What I learned was so interesting I decided to share some of it with you in these blogs. The other aspect of all this viewing is to share actual photos of the artwork that has caught my attention. You will also get to see some magnificent examples of American painting. A picture is worth a thousand words, they say. So, I will share pictures for your entertainment and edification. Mostly for the entertainment.

My hope is you find all these tidbits intriguing enough to stay around and read. You need something positive in your day, which viewing art can provide. You need a puzzle to solve, which reading about art thefts, antiquities stolen, and the hair pulling of art historians can provide. Sounds like a good mix we can enjoy together.

Have a wonderful week. I hope this inspires you to go online and find artwork you like and learn something about it. Happy viewing and reading!

A Funny Thing Happened…

History can repeat itself endlessly to our amusement or dismay. Years ago, the movie A Funny Thing Happened on the Way to the Forum was nearly a cult classic and people would start stories by saying, “You know, a funny thing happened on the way to the forum…” to indicate how life has a way of sidetracking you from your best laid plans. Yes, well, as a famous Scots writer once declared, “the best laid plans of mice and men.” Life has a way of turning your plans to mush because God has a sense of humor. Or I think He does.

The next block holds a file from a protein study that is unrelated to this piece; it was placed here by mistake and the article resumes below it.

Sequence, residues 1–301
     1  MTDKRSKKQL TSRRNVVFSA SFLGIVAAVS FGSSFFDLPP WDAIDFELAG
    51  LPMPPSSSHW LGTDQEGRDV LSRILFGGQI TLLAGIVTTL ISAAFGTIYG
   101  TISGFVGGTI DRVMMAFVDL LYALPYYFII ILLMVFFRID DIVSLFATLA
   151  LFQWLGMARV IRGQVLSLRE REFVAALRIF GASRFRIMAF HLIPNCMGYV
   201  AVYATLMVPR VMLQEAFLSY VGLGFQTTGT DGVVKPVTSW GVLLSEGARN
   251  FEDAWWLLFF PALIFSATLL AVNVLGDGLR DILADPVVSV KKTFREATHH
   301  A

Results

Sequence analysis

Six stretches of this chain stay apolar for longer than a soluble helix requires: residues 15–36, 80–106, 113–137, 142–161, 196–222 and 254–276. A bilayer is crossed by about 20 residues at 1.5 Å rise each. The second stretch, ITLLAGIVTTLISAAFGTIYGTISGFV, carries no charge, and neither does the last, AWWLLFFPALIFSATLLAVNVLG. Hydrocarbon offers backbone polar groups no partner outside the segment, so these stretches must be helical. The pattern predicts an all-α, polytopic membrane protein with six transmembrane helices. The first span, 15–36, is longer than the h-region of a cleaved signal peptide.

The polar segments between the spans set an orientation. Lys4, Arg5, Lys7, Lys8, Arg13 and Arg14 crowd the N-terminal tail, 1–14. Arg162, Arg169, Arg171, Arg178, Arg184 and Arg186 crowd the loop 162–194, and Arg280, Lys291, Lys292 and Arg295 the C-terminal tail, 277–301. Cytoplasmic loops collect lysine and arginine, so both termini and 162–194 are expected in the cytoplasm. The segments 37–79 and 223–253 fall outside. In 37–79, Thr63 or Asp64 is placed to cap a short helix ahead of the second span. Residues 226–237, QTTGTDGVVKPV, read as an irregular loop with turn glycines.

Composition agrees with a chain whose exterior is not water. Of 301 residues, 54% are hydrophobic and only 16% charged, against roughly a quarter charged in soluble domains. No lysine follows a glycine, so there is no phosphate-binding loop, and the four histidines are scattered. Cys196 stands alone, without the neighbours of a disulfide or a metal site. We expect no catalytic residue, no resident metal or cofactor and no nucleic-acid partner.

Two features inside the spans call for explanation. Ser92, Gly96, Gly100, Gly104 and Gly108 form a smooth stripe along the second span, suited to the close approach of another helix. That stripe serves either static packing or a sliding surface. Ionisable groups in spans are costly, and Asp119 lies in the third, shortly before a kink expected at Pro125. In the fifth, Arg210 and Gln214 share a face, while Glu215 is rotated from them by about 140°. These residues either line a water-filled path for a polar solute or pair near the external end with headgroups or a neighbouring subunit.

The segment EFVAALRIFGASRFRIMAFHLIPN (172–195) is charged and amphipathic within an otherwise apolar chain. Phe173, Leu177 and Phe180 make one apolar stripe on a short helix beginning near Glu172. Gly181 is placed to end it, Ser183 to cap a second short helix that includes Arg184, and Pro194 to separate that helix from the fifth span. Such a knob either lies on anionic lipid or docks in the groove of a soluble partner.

This is a pretty long-winded way to say after several detours, roundabouts, U-turns and just plain dead ends, I have arrived at the place where I began. Absolutely battered, bruised, and well-worn, but nonetheless still able to laugh that I wanted to write about history, I wanted to write stories that gripped people’s hearts, maybe change their lives, but at least make them feel better. Back in the day, people would claim in horror about the starving artist, writer, dancer, actor, what have you. Few people would encourage a woman, in particular, to write her way through life. So I went to college to become a history teacher.

Mind you, women writers who published potboiler romance novels made actual money. Women who wrote historical fiction made money. Women who wrote inspirational or devotional books made some money. None of that mattered. Women went to college to get a teaching or nursing degree so they could support themselves if necessary. Our mothers and grandmothers had firsthand knowledge of being war widows, or women left in the lurch by philandering husbands. They wanted their daughters to be more independent, which meant occupations that were deemed appropriate for women. Teaching. Nursing. Maybe math or science, if you must. But stable, honest work.